The constitution and law provide procedures to deal with stateless persons, and the government generally took seriously its obligation to ease the burden of statelessness within the country. The law does not provide for a simplified naturalization procedure for stateless persons.

The country contributes to statelessness because its application for citizenship requires renunciation of citizenship of the country of origin, with no stipulation that Kazakhstani citizenship would be granted. As of September a total of 7,915 persons were officially registered by the government as stateless, according to UNHCR. Most individuals residing in the country with undetermined nationality, with de facto statelessness, or at heightened risk of statelessness, are primarily those who have no identity documents, have invalid identity documents from a neighboring CIS country, or are holders of Soviet-era passports. These individuals typically resided in remote areas without obtaining official documentation.

The law allows the government to deprive individuals of citizenship if convicted of a range of grave terrorism and extremism-related crimes, including for “harming the interest of the state.” According to UNHCR and the government, no one has been deprived of citizenship under this law. Instead, during the year the government brought back to the country 12 citizens and their families who had joined international terrorist organizations. The government prosecuted the citizens in criminal court as terrorists but provided social services to their family members.

According to UNHCR, the law provides a range of rights to persons recognized by the government as stateless. The legal status of officially registered stateless persons was documented, and they were considered as having permanent residency, which was granted for 10 years in the form of a stateless person certificate. According to the law, after five years of residence in the country, stateless persons are eligible to apply for citizenship. Children born in the country to officially recognized stateless persons who have a permanent place of residence are recognized as nationals.

A separate legal procedure for citizenship exists for ethnic Kazakhs; those with immediate relatives in the country; and citizens of Ukraine, Belarus, Russia, and Kyrgyzstan, with which the country has agreements. The law gives the government six months to consider an application for citizenship. Some applicants complained that, due to the lengthy bureaucratic process, obtaining citizenship often took years.

The law prevents children of parents without identity documents from obtaining birth certificates, the lack of which hindered the children’s access to education, free health care, and freedom of movement.

Persons whose citizenship applications are rejected or whose status as stateless persons has been revoked may appeal the decision, but such appeals involved a lengthy process.

Officially recognized stateless persons have access to free medical assistance on the level provided to other foreigners, but it is limited to emergency medical care and to treatment of 21 contagious diseases on a list approved by the Ministry of Health Care and Social Development. Officially recognized stateless persons have a right to employment, although not with the government. They may face problems when negotiating labor contracts, since potential employers may not understand or be aware of this legal right.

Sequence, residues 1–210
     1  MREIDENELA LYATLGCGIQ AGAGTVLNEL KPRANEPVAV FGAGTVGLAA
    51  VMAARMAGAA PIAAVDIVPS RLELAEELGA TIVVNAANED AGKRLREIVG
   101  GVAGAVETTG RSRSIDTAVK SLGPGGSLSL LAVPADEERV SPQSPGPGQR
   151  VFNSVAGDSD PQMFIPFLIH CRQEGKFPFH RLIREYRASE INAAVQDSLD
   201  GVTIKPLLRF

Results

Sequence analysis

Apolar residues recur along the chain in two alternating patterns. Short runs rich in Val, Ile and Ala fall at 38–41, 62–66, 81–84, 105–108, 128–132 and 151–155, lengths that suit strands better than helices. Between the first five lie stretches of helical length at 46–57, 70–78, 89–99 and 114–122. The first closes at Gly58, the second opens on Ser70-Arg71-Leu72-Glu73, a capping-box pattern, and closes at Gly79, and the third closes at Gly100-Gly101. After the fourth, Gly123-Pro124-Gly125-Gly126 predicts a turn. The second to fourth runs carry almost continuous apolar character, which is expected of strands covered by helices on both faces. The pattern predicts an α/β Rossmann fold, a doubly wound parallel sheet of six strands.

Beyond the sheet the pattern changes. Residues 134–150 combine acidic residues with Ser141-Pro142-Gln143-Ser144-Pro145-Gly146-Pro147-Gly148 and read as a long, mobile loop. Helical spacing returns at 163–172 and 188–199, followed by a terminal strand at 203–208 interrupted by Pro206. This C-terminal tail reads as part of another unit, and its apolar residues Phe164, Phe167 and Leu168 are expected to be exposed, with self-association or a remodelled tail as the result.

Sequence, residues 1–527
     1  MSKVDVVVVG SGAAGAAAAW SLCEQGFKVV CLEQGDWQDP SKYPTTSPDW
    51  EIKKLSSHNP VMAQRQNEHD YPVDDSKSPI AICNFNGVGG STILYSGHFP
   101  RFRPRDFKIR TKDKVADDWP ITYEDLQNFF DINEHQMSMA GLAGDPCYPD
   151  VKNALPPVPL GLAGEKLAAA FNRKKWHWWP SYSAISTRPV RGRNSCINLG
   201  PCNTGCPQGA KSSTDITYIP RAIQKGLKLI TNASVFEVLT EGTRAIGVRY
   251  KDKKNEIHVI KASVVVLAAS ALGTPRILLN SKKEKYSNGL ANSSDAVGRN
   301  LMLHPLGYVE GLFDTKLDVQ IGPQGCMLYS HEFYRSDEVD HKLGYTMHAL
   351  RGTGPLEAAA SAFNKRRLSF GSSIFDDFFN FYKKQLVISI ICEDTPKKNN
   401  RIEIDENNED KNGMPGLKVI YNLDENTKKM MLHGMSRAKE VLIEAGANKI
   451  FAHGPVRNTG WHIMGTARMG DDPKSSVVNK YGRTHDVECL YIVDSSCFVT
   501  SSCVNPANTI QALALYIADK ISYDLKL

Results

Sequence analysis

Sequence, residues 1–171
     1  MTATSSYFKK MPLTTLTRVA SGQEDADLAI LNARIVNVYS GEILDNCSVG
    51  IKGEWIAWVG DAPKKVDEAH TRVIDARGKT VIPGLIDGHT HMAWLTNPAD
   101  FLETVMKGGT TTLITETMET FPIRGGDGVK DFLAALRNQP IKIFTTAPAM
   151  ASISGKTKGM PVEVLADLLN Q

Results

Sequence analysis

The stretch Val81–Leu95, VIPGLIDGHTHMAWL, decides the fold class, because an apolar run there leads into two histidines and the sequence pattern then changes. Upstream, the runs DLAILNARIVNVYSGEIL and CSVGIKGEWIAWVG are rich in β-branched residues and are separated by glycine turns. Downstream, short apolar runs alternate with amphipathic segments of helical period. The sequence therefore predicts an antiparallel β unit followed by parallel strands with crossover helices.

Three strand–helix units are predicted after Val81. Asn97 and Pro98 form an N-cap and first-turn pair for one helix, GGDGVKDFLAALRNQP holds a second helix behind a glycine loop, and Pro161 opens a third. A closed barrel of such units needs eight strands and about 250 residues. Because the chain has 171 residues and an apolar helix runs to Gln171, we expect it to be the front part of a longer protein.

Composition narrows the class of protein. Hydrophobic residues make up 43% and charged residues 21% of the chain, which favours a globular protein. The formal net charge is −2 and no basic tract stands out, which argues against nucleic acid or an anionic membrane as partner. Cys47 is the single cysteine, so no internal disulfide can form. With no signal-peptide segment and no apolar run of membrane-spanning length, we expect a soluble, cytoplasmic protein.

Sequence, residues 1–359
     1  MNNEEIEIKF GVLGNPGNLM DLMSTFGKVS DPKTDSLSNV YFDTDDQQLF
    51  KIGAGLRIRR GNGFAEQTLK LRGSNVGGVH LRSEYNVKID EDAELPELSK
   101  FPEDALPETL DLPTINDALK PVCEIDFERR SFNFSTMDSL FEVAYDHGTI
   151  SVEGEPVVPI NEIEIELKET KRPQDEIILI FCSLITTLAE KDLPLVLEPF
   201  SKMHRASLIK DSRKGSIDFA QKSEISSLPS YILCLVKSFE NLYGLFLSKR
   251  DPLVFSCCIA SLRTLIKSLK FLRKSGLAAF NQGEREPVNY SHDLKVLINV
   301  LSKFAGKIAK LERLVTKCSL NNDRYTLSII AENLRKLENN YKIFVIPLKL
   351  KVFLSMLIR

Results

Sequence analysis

UNHCR reported that stateless persons without identity documents may not legally work, which led to the growth of illegal labor, corruption, and abuse of authority among employers. Children accompanying stateless parents were also considered stateless.

Section 3. Freedom to Participate in the Political Process

The constitution and law provide citizens the ability to choose their government in free and fair periodic elections held by secret ballot and based on universal and equal suffrage, but the government severely limited exercise of this right.

The constitution concentrates power in the presidency itself. The president appoints and dismisses most high-level government officials, including the prime minister, cabinet, prosecutor general, KNB chief, Supreme Court and lower-level judges, and regional governors. The law requires most of these appointments to be made in consultation with the chairman of the Security Council, a position that was granted in 2018 to then president Nazarbayev for his lifetime. The law also grants Nazarbayev lifetime membership on the Constitutional Council, allows him “to address the people of Kazakhstan at any time,” and stipulates that all “initiatives on the country’s development” must be coordinated through him.

The Mazhilis must confirm the president’s choice of prime minister, and the Senate must confirm the president’s choices of prosecutor general, KNB chief, Supreme Court judges, and National Bank head. The Mazhilis and the Senate always confirmed presidential nominations. Modifying or amending the constitution effectively requires the president’s consent.

Elections and Political Participation

Recent Elections: On January 10, the country held national elections for the Mazhilis. Five of the country’s six officially registered political parties participated in the elections. The ruling Nur Otan Party won a reported 71 percent of the vote and received 76 seats in the Mazhilis, the Ak Zhol Party won 10.95 percent and received 12 seats, and the People’s Party won 9.1 percent and received 10 seats. Political parties Auyl, with 5 percent of votes, and Adal, with 3.57 percent, did not surpass the 7-percent threshold for proportional representation in the Mazhilis and so received no seats. Independent observers criticized the elections for numerous irregularities and restrictions. According to the Organization for Security and Cooperation in Europe (OSCE) observer mission’s report, the parliamentary elections lacked competition and transparency, and voters had limited opportunity to make an informed choice.